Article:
From Pisa to Trieste, an autumn with the Macchiaioli

Cristiano Banti, Portrait of Alaide sitting in the garden, Around 1875, Ancient Banti Collection | Courtesy of Dart – Chiostro del Bramante and Arthemisia Group 2016

The expressive power of light, the energy of color, the anti-academic charm of the most innovative movement of the Italian nineteenth century: we are talking about the painting of the Macchiaioli, who next autumn will become protagonists of the national exhibition scene with two major exhibitions.

Telemaco Signorini, Una via di Ravenna, 1876. Oil on canvas, 47×75 cm I Courtesy Arthemisia

The first will lead to Pisa 130 works from great museums such as the Uffizi Galleries, the National Gallery of Modern Art in Rome, the Museum of Science and Technology in Milan, the Gallery of Modern Art in Genoa, as well as numerous paintings preserved in private collections, often inaccessible to the public, which they will find in Blue Palace a spectacular stage. From 8 October 2022 to 26 February 2023 the exhibition curated by Francesca Dini for MondoMostre it will tell in 11 sections the adventure of a singular avant-garde, whose research anticipated the revolutionary conquests of the Impressionists. The Macchiaioli movement, explain the creators of the project, has become popular “over 50 years ago thanks to the now historic exhibition of Forte Belvedere in Florence: much has been said and represented about their art, without ever being able to fully restore that visibility international that belongs to them, above all because of the competition with French Impressionism ”.

Giovanni Fattori, Piantoni. The white wall (On the lookout), c. 1874, Oil on canvas, cm. 37×56, Fondazione Progetto Marzotto

The second exhibition, staged from November 19 to April 10, will have the Revoltella Museum from Trieste. The itinerary designed by the curator Tiziano Panconi it looks like a long journey through landscapes, portraits, historical episodes, scenes of everyday life in a close encounter with the legendary painters of the “scrub”. In comparison the main interpreters of the movement, from Giovanni Fattori to Telemaco Signorini, from Silvestro Lega to Giovanni Boldini, passing through Giuseppe De Nittis, Odoardo Borrani, Cristiano Banti, represented in many cases by absolute masterpieces: paintings once gathered in the galleries of patrons and enlightened collectors, who supported the research of artists by marrying their reasons and often becoming their friends.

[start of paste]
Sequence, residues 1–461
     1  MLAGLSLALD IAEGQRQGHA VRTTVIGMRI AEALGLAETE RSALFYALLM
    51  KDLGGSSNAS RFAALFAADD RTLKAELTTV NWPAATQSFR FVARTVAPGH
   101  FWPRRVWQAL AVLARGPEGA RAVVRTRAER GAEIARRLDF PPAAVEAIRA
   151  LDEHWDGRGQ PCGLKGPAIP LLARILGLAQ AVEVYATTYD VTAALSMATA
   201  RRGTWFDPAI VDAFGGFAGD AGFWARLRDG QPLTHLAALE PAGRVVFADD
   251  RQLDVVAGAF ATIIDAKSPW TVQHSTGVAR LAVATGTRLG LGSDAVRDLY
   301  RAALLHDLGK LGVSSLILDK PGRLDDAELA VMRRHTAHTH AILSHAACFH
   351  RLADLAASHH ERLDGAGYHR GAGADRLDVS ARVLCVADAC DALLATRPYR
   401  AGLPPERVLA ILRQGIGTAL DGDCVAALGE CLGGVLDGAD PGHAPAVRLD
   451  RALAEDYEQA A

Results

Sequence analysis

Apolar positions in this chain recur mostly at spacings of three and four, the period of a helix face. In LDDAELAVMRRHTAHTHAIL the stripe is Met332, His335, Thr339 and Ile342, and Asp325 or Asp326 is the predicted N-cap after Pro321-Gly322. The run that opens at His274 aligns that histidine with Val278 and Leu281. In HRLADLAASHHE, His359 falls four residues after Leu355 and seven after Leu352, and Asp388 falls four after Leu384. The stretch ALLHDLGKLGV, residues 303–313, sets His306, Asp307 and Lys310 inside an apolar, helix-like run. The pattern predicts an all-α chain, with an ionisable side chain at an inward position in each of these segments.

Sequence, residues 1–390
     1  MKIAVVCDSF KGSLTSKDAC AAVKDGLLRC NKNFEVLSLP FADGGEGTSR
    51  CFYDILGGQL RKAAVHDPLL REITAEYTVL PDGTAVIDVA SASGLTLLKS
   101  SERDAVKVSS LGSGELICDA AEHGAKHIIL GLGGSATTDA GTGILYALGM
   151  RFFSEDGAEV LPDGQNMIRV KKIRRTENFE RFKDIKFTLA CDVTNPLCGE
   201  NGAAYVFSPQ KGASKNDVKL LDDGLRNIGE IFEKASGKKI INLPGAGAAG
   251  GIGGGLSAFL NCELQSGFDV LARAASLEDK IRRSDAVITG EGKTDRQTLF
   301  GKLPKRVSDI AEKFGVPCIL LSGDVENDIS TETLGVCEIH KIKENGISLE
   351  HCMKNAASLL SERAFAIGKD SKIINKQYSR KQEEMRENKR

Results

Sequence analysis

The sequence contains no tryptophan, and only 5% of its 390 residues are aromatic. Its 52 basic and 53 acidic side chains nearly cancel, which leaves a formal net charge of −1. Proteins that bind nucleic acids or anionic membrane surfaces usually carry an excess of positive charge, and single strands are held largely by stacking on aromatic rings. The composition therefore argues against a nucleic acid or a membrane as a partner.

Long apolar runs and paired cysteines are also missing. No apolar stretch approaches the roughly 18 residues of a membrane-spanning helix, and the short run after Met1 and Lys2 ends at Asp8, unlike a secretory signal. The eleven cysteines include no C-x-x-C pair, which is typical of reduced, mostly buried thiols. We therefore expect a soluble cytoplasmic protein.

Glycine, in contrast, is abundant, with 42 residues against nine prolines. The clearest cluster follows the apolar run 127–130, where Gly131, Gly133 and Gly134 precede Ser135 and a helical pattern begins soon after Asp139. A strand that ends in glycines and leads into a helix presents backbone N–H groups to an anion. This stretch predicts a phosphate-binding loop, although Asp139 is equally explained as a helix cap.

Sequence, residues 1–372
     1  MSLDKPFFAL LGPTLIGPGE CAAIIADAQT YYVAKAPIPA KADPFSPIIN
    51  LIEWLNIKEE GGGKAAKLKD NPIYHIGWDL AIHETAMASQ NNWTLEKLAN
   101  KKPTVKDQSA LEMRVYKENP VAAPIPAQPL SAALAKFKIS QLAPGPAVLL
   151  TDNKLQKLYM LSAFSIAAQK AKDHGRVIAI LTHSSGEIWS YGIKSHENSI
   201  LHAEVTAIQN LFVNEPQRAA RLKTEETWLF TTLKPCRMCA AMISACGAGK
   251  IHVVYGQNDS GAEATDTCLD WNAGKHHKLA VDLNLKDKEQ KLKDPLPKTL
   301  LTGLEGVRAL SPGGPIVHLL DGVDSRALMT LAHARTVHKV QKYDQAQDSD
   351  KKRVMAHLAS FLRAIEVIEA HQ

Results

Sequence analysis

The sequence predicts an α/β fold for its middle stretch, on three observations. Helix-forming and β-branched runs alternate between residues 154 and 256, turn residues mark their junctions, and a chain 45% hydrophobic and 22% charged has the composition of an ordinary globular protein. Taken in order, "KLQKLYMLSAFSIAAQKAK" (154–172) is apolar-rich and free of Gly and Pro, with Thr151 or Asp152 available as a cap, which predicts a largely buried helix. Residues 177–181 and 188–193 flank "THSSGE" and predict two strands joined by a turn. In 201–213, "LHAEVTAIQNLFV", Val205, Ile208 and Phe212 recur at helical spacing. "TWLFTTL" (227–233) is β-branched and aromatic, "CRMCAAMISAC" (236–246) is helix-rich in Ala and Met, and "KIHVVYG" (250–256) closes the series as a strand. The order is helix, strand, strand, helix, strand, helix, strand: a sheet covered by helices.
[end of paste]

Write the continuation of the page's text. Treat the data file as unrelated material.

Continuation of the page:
Giuseppe De Nittis, Child in the sun, 1869. Oil on wood, 19×16 cm. Private collection I Courtesy Butterfly Institute Fine Art, Art Gallery, Lugano

Six sections will reconstruct the history of the movement, focusing on the themes most dear to the nineteenth-century masters: the poetry of nature, the intimacy of domestic life, the story of the Risorgimento, urban life, attention to social issues. Among the approximately 80 paintings on display we will find icons such as Sunset in Maremma of Factors, Child in the sun by De Nittis, Adelaide Banti on the bench by Banti, Mom with baby of Lega, Ladies at the piano by Boldini, but also gems rarely exhibited to the public on loan from prestigious European private collections.

Odoardo Borrani, A visit to my studio, 1872. Oil on canvas, 64.5×45 cm. Private collection I Courtesy Farsettiarte, Prato

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